Thirdly, the Tunisian / Egyptian Model
The recurrent Russian-Chinese veto prevented the repetition of Libya and Iraq in Syria. Therefore, the West is pushing towards the Tunisian and Egyptian models. We claim that these two models can be summed up by saying: authority was overthrown, and the existing regime strengthened. That is, the plundering groups that were within and outside the authority, have re-apportioned the plundering, while keeping the general population plundered and suppressed, perhaps even more than before.
To push this model through, personalization was also beneficial, where the problem of the entire country is reduced to one person, the presumed overthrow of whom leads to Syria entering a freedom paradise. The truth is that what was required was nothing more than keeping Syria economically dependent on the West and removing it from the sphere of influence of emerging competitors at the international level, even transforming it where it could become a place to drain the competitors’ means.
The Second Stage: Changing the Behavior, Not the Regime
With Russia directly entering militarily towards the end of 2015, and then the passing of Resolution 2254 with a clear Russian-Chinese effort, the two models – Iraqi / Libyan and Tunisian / Egyptian – became far from being applicable. Therefore, it became necessary for the West to introduce a new tactic whose primary goal is to prolong attrition to the maximum limits, allowing to reach as a result a general decay of the state that leads again to one of the two aforementioned models, and perhaps more than that, a special new / old model that is the Lebanese model, where all warring forces are legitimized, and a supreme agreement among the warlords is established, whereby the country’s division, weakness, and plundering are perpetuated.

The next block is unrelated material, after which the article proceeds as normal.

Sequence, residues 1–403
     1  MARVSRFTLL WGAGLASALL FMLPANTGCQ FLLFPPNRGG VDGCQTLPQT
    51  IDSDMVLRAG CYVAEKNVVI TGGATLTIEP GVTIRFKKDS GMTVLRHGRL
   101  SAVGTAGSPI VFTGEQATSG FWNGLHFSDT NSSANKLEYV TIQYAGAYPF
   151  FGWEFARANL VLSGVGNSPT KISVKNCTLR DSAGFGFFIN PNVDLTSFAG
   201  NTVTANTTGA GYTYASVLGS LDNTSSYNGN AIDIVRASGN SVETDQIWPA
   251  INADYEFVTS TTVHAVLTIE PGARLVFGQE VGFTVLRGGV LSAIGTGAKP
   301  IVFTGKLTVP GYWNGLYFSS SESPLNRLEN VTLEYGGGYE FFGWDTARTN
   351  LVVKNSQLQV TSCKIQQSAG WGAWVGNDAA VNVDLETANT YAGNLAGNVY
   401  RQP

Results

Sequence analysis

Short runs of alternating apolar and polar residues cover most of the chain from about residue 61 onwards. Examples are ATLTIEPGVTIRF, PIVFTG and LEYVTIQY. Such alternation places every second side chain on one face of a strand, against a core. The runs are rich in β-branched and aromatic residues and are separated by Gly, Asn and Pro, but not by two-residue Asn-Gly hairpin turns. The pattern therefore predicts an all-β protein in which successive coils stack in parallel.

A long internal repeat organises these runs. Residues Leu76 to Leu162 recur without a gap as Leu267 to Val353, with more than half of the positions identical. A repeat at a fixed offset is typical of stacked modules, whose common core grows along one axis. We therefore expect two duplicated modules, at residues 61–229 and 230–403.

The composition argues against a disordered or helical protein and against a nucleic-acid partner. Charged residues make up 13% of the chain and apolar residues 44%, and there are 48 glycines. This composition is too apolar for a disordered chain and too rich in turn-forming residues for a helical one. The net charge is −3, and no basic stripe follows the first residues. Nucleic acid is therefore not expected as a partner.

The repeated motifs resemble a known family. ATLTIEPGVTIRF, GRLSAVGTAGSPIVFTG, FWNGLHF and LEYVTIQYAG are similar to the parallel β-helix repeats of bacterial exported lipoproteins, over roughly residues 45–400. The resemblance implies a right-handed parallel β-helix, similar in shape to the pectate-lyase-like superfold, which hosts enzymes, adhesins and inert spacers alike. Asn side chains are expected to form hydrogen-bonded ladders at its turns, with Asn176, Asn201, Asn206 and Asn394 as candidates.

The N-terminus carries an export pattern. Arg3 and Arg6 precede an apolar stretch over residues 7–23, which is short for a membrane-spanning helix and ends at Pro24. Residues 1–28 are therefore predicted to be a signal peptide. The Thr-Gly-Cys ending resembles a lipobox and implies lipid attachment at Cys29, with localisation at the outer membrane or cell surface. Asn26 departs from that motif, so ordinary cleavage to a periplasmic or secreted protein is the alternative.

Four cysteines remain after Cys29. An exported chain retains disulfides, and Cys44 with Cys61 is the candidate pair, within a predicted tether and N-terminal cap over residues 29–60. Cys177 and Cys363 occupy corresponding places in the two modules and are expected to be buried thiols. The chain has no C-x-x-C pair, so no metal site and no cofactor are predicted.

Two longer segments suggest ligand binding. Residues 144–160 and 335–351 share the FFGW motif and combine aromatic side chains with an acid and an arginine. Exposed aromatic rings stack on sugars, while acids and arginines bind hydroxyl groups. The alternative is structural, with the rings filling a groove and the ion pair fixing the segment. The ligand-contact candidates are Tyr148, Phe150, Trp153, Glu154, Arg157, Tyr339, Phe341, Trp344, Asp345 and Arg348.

In this context, Western propaganda and statements began to move away from the slogan “Assad must go” and began to talk about “the need to change the behavior of the regime, not change the regime”. It is noteworthy that the initiator of this trend was none other than the British, who seem to still be the primary injector of international poison.
Over the last three years, with the continued progress of the Astana track, the Western push began to escalate towards the devotion of a divisive reality in three regions in Syria: the “northeast” by isolating it as much as possible from the rest of the country and by exploiting the Kurdish issue, including isolation from participation in the political process; the “northwest” through an attempt to legitimize al-Nusra and “Syrianize” it, which we have repeatedly covered in Kassioun, and for which shown a lot of evidence; or by “abandoning” the slogan of “Assad’s departure”, provided that the regime remains as is without any change, and in such a way as to allow the attrition and chaos to continue. All this is supported by the ongoing sanctions, which have become a golden pot for the big corrupt forces, and a genocide of sorts against all Syrians.
The Third Stage: Assad Must Go
Coming back to the present, we must pay attention to the fact that the composition of the “continued chaos”, with its many and varied carriers, has started to rapidly deteriorate through and by the Astana track. This is most evident by the Sochi Agreement on Idlib, which pushed the US to almost blatantly demonstrating their support for al-Nusra and its government, the “Salvation Government”, in hopes of delaying the complete elimination thereof.
Likewise, with the northeast issue, regarding which it has become clear that the extent of the Russian-Turkish agreement is in a steady, albeit slow, upward movement, in parallel with signs of intra-Syrian consensus thereon.
Additionally, the formation of the Syrian Constitutional Committee, and primarily through the Sochi Congress efforts, should be an added warning to the US, indicating the actual start of the implementation of Resolution 2254.